Although you might not be aware of this fact, in Taiwan it is not the year of 2018. It is the year of 107. Why 107 you might ask? Because Taiwan has been quasi recognized as an independent country for 107 years. If you subtract 107 from 2018, you arrive at the Revolution of 1911, a tumultuous time in Chinese and Taiwanese history. On October 10, 1911, the Wuchang uprising began the a string of battles that resulted in Taiwan’s independence. Today in Taiwan, people celebrate the National Independence day 雙十（double 10) on October 10th.
Taiwanese history is very long and complicated and I will stop now before I say something incorrect or something that upsets the delicate political balance that exists today in Taiwan (if I have not done so already that is) but it is safe to say that October 10th is an exciting day to be in Taiwan. Because of the 6.4 magnitude earthquake that hit Hualien last February, Taiwan decided to host the national Taiwan fireworks show right here in Hualien in hopes of bringing more tourism revenue into the city. This was a huge deal and the city has been buzzing with excitement since this announcement.
Earlier this year, the president of Fulbright announced that a select few representatives of Fulbright would have the opportunity to go to the President’s personal 雙十 party. The ETAs had drawn straws to see who would be invited and I drew the lucky straw! Unfortunately Fulbright accidentally invited too many people and a few weeks later I found out I was disinvited. At least I can say for a short time I was invited to one of Taiwan’s biggest parties of the year! Overall I was happy to have the chance to stay in Hualien for the National fireworks show.
To make things even more exciting, I learned 雙十 was also going to be my school’s 運動會 or sports day! I envisioned my elementary and middle school field days and excitedly pictured running around the track racing my students and wearing funny shirts. Although my friends and roommate all had the day off from school, I was happy to hang out with my students and besides I got the next day off instead! On October 10th, I began my daily commute the same as always. I woke up, chowwed some cereal, walked to the train station, got on my train, walked to my bike, and began the two mile bike ride to school. However, As I approached my school I wondered if I had somehow taken a wrong turn. This couldn’t be it, there were cars parked for miles and giant inflatable arch, and food vendors, and people approaching from all directions. My student’s parents were all there! I panicked and took a second look. Nope, this was it. I was not mentally prepared for this and tried my best to sneak in. I arrived and found two hats and two shirts on my desk. One was bright yellow and said Fu Si on the outside which was awkwardly spelled incorrectly. I quickly put it on and went out to the track to see what all the commotion was.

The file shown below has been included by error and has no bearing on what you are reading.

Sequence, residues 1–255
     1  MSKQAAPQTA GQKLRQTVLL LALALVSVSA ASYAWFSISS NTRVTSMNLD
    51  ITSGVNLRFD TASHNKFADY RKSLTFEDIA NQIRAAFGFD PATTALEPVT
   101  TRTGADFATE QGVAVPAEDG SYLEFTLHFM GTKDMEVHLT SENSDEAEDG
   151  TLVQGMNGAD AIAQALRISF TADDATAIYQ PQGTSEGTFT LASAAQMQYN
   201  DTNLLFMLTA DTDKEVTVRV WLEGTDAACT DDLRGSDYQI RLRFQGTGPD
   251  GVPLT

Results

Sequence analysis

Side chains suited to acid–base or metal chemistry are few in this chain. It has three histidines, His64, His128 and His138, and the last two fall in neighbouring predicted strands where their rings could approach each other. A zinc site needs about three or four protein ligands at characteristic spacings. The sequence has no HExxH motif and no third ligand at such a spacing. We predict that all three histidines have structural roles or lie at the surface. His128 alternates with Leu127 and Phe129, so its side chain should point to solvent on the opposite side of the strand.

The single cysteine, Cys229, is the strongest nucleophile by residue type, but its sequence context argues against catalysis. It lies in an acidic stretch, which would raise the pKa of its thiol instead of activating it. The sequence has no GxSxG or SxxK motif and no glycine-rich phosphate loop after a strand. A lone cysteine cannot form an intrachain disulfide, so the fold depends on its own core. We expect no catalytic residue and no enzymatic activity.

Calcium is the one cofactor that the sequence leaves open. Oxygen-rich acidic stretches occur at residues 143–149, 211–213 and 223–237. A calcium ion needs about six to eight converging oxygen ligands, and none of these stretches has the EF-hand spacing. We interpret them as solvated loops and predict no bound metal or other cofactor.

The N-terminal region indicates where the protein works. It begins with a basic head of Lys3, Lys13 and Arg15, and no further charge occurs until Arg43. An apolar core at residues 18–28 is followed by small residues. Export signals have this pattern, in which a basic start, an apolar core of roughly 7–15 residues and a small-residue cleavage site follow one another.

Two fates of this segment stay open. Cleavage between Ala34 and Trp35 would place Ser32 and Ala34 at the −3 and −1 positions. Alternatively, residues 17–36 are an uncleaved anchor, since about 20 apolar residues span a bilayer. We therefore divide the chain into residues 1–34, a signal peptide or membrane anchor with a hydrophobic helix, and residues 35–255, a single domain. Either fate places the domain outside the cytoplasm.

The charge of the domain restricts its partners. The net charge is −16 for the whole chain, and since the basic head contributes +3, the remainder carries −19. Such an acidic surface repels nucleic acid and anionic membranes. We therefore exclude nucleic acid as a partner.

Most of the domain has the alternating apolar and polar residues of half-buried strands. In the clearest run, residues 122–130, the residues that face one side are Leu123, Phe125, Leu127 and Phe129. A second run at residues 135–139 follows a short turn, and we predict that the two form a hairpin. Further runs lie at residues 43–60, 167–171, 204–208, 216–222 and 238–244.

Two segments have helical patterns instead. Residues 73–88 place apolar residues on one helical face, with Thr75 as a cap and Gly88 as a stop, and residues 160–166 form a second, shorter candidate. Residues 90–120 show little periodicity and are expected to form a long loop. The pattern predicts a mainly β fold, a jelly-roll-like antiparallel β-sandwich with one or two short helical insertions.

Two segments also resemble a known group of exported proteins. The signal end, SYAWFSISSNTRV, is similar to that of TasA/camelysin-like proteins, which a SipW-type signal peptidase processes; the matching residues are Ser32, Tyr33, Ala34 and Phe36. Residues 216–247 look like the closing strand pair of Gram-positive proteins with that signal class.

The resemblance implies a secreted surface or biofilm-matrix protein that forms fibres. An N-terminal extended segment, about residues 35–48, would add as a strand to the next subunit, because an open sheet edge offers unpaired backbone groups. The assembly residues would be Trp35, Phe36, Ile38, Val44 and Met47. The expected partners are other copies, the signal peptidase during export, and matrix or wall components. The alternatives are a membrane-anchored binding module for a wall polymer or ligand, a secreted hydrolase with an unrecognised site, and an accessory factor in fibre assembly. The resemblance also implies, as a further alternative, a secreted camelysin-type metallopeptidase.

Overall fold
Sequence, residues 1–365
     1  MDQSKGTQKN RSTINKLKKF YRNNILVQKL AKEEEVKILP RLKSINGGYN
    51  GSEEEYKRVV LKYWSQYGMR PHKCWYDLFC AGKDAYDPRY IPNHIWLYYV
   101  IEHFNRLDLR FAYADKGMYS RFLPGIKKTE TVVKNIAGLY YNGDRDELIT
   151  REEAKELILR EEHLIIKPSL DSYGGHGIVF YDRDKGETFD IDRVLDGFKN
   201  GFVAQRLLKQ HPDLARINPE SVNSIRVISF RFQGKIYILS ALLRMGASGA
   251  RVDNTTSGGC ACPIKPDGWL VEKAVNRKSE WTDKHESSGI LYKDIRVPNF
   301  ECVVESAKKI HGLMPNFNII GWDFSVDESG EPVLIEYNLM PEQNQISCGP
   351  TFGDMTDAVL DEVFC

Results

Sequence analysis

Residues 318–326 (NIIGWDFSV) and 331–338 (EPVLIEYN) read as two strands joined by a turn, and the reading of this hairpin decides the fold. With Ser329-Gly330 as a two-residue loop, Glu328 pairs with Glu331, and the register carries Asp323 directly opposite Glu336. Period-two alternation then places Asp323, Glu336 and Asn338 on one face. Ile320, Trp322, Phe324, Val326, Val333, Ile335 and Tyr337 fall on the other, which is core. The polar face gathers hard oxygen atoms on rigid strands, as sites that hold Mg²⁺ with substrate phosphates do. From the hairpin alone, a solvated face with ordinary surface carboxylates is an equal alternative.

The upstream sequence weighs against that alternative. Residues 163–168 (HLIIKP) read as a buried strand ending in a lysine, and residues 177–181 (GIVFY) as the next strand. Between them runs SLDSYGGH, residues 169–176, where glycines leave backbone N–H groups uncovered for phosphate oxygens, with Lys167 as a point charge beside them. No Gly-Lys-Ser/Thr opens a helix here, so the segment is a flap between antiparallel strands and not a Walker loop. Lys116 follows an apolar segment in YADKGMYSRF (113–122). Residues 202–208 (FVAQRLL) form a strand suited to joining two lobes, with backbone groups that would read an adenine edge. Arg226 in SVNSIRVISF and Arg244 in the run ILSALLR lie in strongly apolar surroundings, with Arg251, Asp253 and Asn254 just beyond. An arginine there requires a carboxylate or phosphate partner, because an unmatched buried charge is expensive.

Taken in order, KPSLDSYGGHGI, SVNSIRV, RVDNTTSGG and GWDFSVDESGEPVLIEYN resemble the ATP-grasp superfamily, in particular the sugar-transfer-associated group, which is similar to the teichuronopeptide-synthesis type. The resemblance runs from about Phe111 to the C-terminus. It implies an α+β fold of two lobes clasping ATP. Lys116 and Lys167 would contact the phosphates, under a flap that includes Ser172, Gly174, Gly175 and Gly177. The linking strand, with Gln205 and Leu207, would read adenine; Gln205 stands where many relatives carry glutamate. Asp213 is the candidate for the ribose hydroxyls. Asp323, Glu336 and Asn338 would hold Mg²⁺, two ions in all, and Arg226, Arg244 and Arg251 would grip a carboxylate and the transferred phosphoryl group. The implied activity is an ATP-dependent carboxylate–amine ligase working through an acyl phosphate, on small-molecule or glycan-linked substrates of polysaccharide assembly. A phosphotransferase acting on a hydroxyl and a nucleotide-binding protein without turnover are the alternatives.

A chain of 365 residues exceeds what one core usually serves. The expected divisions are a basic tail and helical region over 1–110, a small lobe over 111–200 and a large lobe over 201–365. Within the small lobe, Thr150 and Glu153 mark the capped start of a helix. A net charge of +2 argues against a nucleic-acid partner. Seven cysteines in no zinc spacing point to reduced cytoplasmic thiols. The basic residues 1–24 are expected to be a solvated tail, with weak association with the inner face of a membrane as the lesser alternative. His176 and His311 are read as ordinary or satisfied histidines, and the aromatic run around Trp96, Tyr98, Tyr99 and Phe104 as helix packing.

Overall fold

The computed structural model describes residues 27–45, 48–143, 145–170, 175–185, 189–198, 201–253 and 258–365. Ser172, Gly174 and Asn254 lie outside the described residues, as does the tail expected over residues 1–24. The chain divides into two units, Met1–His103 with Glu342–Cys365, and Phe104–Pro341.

I was fascinated by the amount of energy and resources my school put into sports day. My students had been preparing a song and dance routine for two months and each grade prepared a flag and and a small chant. I thought, wow how cute! Then apon closer examination I realized the signs they were carrying said things like “Don’t drink and drive!” and “Brush your teeth!” A personal favorite of mine was the fifth grade chant. One of my fifth graders stumbled along, struggling to drag something across the track. I quickly realized he was carrying a giant inflatable cigarette!
After they parade, the games and dancing began. All of the students lined up to compete in races. Competitions were organized by grade and gender. All of the events were centered around running with some added activities like jump rope or hackysack. The final student event was a massive relay race in which the students divided into two teams and created two stations on either side of the track. Every student participated by running the baton halfway around the track. I cheered on the students from the sidelines.
After student events, the adult games began. They had races divided by age group adults all the way up to 80+ years participated! There was a division designated for wheelchairs and even one for golf carts as well! It was hilarious. After they competed, both adults and students headed to the prize table. All of the prizes were household items like toilet paper, soap, soy sauce, cooking oil, and rice. As I headed back to the train at the end of the day, I gathered up my belongings. One of my staff members told me to hang on a second and took me to the auditorium. She proudly pointed at a box. “It’s for you!” I tried to give it away but in the end wound up teetering home on my bike trying to balance a gall of soy sauce in the teeny tiny basket on my bike.
Once I got home it was time to begin the 雙十 festivities. I rode my bike to Meilun where I met my friend Isabel. Together we met up with some of her coteachers and arranged a picnic on the roof of her elementary school that overlooks the harbor. The show was fantastic! It lasted 36 minutes and was the biggest fireworks event I’ve ever seen.
The next two days I had off from school so the fireworks were the start to a blissful and relaxing rainy weekend. Happy Birthday Taiwan, I sure am lucky to have the chance to celebrate with ya here in Hualien!
Your fireworks picture looks just like the poster!!!